Song of Seduction by Carrie Lofty was a beautifully crafted romance set in Salzburg, Austria in the early 1800s. Arie De Voss is a composer, renowned for his Love and Freedom symphony. Unfortunately for Arie's conscience, he didn't actually write it. Widowed Mathilda Heidel has always done her best to fade into the background. Her talent at violin set her apart from other young women, so she never pursued it, until her friend insists she attend lessons with Herr De Voss. Mathilda has idolised Arie since she first heard him conduct when she was sixteen, but he's nothing like she imagined. He's prickly and rude and forward...until suddenly he isn't. 

Both Arie and Mathilda were wonderfully complex and imperfect characters. Arie was anxious and hated socialising. Sometimes, he was even mean, and yet somehow the reader is still inclined to sympathise with him. In contrast, Mathilda was running scared from her ability to play music by ear, not wanting to stand out any more than she already does, thanks to her parent's interfaith Catholic-Jewish marriage and its tragic end. She married Jürgen, a local doctor, precisely because he was staid, and I really appreciated that Lofty didn't take the usual tack with this. More often than not - perhaps to justify the 'one great love' ideal and provide tension - widow heroines have had abusive first marriages, but this is not the case with Mathilda. Jürgen was kind and gentle, and after his death Mathilda is left feeling guilty that she hid her musical ability from him. The way Arie helped her come to terms with this and many other things, including her female sexuality, counterbalanced his tendency to be a bit of a bastard at times, and left the reader, ultimately, on his side. Arie and Mathilda's love was no idealised rainbow and unicorns affair, but a more realistic and honest acceptance of the other, idiosyncrasies and all.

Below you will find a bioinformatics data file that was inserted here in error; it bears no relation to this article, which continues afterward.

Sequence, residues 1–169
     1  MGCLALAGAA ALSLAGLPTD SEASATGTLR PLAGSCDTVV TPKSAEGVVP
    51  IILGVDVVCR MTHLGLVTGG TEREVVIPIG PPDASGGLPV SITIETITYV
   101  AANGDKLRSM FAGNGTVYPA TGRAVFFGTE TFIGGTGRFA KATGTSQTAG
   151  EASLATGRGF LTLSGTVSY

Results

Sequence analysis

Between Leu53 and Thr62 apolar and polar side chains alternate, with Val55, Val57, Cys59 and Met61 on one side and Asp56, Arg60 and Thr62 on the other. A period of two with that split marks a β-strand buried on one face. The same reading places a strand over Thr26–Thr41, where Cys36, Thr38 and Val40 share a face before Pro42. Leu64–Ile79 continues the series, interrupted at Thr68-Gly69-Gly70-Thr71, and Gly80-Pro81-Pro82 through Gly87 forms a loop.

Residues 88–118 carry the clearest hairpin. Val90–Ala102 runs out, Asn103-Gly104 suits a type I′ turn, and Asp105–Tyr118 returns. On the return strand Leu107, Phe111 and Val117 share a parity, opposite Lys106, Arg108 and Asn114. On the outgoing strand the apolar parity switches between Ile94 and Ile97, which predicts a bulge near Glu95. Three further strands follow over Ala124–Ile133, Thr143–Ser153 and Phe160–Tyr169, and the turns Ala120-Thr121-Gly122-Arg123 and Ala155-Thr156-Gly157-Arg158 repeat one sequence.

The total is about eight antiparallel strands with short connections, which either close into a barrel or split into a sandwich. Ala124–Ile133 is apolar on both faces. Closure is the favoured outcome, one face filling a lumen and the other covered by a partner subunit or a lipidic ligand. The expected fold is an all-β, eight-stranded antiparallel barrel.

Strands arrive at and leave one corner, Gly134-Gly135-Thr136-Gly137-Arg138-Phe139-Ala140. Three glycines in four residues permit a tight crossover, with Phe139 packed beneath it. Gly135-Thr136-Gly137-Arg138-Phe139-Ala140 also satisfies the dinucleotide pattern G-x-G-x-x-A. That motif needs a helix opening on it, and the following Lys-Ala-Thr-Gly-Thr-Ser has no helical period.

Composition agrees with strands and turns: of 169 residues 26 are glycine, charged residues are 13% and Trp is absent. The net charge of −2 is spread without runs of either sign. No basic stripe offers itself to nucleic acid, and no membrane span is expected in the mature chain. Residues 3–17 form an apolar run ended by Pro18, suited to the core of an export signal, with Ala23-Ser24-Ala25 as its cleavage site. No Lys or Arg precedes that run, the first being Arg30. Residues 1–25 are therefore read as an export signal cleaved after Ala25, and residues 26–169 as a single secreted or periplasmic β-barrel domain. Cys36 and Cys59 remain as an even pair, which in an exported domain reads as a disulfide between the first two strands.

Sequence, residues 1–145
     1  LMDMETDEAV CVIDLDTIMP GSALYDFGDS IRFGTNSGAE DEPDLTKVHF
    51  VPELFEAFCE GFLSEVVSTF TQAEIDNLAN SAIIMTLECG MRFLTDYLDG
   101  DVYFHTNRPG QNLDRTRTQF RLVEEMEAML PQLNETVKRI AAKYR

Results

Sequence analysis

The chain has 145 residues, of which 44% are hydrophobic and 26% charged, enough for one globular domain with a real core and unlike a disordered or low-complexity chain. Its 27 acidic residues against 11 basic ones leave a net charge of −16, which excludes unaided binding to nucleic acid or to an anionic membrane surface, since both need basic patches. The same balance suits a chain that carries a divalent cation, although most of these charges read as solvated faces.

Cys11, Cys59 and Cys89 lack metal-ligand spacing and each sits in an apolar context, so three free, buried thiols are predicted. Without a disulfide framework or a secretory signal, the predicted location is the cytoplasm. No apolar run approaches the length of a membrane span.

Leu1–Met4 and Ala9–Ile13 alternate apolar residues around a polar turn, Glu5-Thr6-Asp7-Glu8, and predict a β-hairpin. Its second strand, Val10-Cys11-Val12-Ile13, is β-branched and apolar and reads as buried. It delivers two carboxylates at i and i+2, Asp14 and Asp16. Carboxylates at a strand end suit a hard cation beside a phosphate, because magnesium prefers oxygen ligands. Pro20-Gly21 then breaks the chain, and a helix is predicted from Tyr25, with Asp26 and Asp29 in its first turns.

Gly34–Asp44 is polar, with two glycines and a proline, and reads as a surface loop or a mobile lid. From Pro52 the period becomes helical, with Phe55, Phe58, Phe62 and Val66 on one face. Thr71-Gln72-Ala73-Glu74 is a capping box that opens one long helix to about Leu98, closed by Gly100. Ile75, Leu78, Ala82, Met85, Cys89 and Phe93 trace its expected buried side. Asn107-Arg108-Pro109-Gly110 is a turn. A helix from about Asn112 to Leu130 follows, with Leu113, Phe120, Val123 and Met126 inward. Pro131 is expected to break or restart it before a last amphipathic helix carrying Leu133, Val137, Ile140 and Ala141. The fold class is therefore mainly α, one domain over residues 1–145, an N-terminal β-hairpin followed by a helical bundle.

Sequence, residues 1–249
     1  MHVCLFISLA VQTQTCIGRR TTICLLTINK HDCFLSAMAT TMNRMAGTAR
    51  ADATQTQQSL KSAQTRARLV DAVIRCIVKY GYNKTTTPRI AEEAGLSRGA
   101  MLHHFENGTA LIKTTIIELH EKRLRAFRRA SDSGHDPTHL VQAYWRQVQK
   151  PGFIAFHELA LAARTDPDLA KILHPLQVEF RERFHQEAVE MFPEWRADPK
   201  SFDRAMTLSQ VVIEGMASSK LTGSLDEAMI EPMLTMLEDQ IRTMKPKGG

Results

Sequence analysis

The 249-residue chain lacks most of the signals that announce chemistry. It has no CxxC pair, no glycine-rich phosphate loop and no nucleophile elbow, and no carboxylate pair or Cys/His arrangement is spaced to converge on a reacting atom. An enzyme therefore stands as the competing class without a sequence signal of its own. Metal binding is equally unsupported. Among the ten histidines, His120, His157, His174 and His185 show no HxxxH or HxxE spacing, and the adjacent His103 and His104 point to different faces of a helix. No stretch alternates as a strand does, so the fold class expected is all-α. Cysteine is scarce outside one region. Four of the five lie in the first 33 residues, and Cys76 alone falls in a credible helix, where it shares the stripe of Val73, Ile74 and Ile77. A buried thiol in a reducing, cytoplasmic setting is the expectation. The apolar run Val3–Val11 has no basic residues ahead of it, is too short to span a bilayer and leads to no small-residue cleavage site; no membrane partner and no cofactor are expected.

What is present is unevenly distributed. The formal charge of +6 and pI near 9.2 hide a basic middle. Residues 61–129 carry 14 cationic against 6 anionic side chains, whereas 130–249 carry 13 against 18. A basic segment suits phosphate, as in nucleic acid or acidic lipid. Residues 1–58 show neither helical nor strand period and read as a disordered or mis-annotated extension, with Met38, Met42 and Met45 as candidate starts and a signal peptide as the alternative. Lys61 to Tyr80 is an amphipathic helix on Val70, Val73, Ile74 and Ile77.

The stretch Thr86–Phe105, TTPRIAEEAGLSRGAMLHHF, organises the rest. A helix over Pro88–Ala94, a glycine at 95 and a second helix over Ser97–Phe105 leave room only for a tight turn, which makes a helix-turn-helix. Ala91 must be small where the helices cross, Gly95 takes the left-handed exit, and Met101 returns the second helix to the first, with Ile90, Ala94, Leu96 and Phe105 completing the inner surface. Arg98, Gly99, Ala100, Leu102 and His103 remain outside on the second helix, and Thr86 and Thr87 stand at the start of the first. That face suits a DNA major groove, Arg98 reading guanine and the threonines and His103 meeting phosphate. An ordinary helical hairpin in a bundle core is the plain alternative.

The three-part structure really reinforced this. There was no fade to black as soon as the characters decided they loved each other, and it was moving to be able to watch Mathilda and Arie's struggles. No matter what romance novels tell us, the decision to be together is more often the beginning of a story than the end of one, and I was glad to see this reflected in Song of Seduction.

Lofty's writing is lyrical in a way reminiscent of Eva Ibbotson's romances, and not just because both take place within the German-speaking world. Like so many people, Ibbotson's romances were amongst those that introduced me to the genre, and - until now - I have never found an author who so recreate a world long gone in such an evocative and all-consuming manner. If I occasionally rolled my eyes at Lofty's adjectival descriptions of music, it probably has more to do with me being a musical Philistine than her writing, and even I can appreciate how central music was to the characters and their relationship. 

Overall, Song of Seduction was so good that I've been stuck in a serious book funk ever since finishing it. Nothing is helping, so I'll probably end up reading the Ibbotson book that started it all, The Morning Gift, for about the bazillionith time.

Friday, 13 November 2015

Review: Star Dust by Emma Barry and Genevieve Turner

4 stars

I kid you not, when I first read the blurb for Star Dust by Emma Barry and Genevieve Turner, I actually choked on my own tongue, and that's not a metaphor. From this, we can deduce two things:

1. I owe a lot to modern society because I'd probably be dead if natural selection was still a thing.

Set in 1962, Star Dust the story of two neighbours: Anne-Marie Smith, a divorcee with two young children, and Kit Campbell, famous astronaut and ladies' man. Anne-Marie's just left her philandering husband despite widespread censure, and the last thing she wants - or needs - is to get involved with another man cut from the same cloth. Kit would like to see more of the woman next door, but he's not really one for kids or commitment, and he needs to be focusing on one thing: reaching the stars.